This means that the owners are perfectly within their rights to stop you taking photographs and more often than not have security staff who are keen/bored enough to enforce those rights.

Unfortunately, there is very little in the way of signage to inform people that the seemingly public square or whatever they are standing in isn't public at all.

So the first they will know about it will be when a security guard appears and tells them to stop taking pictures. And with the blanket CCTV coverage of these places, they definitely will appear. 

London is particularly rife with these pseudo public spaces but by no means unique in the UK. 

https://www.theguardian.com/cities/2017/jul/24/revealed-pseudo-public-space-pops-london-investigation-map

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They try everywhere to stop you.  I have been challenged several times even in Texas.  In most Texas cities, there is an unlimited right to film or photograph in a public place.  But there are numerous busybodies out there who come up and ask, "Do you have a permit?".  My first reply now is, "And you are...?".  If they actually have some authority, I answer yes and refer them to a city official who actually knows what the rules are.  If they interfere with my process, I call the police.  If the police give me trouble, I refer them to their police legal advisor, which every Texas city has.
When a  logo is prominent in the background, I take it out in post.  First, it seems like common courtesy, and second, why should I provide free marketing?

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ARTICLE 13

Use of protected content by information society service providers storing and giving access to large amounts of works and other subject-matter uploaded by their users:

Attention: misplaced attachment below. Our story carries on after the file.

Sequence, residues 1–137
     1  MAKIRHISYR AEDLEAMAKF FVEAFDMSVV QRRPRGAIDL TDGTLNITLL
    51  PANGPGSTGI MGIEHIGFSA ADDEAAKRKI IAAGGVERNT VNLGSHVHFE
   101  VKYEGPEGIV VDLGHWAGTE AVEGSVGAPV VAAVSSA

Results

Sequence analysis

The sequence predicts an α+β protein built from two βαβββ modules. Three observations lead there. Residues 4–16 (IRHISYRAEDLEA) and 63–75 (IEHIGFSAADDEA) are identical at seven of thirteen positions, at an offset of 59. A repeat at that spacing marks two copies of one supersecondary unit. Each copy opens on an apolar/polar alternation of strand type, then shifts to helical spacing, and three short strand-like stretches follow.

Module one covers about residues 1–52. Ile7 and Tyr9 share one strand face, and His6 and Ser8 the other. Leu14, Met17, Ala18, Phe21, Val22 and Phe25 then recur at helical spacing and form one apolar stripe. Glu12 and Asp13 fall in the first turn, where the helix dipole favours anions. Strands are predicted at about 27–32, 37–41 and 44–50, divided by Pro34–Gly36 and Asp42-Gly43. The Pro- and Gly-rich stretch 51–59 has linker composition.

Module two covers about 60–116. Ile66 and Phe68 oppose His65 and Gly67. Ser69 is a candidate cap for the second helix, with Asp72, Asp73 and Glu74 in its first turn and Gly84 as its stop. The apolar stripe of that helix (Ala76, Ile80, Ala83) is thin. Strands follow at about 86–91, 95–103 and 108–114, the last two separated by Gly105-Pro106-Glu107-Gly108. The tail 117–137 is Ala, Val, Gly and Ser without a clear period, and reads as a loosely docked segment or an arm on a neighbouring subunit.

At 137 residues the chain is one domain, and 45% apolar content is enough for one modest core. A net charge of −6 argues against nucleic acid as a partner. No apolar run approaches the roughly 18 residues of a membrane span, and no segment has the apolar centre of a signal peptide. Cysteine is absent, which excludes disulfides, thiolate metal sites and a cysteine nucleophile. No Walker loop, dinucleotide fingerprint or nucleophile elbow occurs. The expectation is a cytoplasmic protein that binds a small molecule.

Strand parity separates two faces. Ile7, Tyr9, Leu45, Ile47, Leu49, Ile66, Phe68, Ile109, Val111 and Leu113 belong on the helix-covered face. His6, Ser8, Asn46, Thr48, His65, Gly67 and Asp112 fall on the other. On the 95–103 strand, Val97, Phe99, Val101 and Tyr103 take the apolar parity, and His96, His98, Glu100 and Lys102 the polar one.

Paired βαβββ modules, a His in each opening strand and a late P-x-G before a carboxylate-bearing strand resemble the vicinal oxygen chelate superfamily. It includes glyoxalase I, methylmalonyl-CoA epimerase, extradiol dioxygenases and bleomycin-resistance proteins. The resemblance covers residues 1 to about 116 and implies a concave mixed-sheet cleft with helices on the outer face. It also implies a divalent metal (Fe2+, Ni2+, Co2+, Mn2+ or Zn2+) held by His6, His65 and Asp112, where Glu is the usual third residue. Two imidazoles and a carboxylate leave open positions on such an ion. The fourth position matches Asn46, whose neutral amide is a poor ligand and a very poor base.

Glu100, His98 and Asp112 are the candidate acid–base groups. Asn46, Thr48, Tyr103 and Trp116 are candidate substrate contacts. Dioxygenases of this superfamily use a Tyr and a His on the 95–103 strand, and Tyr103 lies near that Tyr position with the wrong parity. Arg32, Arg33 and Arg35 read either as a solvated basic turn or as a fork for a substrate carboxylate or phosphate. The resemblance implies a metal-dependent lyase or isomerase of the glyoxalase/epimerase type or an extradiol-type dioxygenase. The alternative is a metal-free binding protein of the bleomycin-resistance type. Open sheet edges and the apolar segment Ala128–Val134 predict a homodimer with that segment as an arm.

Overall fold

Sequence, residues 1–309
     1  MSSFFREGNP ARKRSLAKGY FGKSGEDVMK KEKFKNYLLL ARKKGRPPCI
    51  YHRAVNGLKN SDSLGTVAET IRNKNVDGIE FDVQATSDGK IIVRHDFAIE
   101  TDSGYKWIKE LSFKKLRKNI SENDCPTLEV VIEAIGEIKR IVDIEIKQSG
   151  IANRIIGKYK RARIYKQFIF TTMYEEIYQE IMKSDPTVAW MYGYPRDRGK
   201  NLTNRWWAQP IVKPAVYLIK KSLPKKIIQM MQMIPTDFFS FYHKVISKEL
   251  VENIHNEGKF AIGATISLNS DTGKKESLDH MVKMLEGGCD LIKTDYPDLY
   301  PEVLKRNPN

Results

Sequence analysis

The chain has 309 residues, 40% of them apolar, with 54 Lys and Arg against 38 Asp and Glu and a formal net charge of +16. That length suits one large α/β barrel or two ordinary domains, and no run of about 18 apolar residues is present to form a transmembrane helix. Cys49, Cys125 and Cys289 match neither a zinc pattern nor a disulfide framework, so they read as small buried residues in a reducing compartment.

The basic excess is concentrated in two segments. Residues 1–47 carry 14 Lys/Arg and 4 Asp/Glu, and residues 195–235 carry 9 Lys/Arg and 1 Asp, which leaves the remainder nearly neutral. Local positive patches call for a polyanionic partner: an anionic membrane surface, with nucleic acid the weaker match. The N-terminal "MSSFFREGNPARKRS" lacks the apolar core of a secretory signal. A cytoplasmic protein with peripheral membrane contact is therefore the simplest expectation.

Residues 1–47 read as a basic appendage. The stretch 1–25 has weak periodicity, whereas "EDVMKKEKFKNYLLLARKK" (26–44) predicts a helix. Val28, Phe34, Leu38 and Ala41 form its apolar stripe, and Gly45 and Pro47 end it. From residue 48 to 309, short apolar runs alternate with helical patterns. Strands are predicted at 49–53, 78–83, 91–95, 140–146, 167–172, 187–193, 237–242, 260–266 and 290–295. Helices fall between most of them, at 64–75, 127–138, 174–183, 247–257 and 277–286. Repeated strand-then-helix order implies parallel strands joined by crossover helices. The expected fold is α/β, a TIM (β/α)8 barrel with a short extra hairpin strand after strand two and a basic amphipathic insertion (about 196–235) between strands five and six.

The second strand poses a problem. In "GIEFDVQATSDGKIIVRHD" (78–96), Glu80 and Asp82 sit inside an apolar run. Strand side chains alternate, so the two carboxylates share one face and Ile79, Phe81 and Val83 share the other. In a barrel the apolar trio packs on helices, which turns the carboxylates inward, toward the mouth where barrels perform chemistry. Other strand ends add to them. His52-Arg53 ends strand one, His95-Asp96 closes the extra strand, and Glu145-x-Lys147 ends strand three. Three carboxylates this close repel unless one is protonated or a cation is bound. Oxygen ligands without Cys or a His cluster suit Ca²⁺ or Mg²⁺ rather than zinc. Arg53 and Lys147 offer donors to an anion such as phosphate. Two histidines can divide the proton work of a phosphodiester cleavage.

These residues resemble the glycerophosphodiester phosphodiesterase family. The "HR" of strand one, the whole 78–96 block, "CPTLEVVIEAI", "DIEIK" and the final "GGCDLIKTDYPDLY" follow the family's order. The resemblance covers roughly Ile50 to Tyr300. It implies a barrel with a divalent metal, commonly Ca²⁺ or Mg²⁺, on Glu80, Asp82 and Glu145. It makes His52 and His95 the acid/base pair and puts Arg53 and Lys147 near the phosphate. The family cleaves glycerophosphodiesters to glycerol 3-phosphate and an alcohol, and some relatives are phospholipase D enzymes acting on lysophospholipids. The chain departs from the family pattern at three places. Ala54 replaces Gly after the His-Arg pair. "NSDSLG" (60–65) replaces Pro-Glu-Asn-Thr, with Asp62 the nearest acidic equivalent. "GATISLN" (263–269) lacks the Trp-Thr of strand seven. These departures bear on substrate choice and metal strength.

Information society service providers that store and provide to the public access to large amounts of works or other subject-matter uploaded by their users shall, in cooperation with rightholders, take measures to ensure the functioning of agreements concluded with rightholders for the use of their works or other subject-matter or to prevent the availability on their services of works or other subject-matter identified by rightholders through the cooperation with the service providers. Those measures, such as the use of effective content recognition technologies, shall be appropriate and proportionate. The service providers shall provide rightholders with adequate information on the functioning and the deployment of the measures, as well as, when relevant, adequate reporting on the recognition and use of the works and other subject-matter.

Member States shall ensure that the service providers referred to in paragraph 1 put in place complaints and redress mechanisms that are available to users in case of disputes over the application of the measures referred to in paragraph 1.

Member States shall facilitate, where appropriate, the cooperation between the information society service providers and rightholders through stakeholder dialogues to define best practices, such as appropriate and proportionate content recognition technologies, taking into account, among others, the nature of the services, the availability of the technologies and their effectiveness in light of technological developments.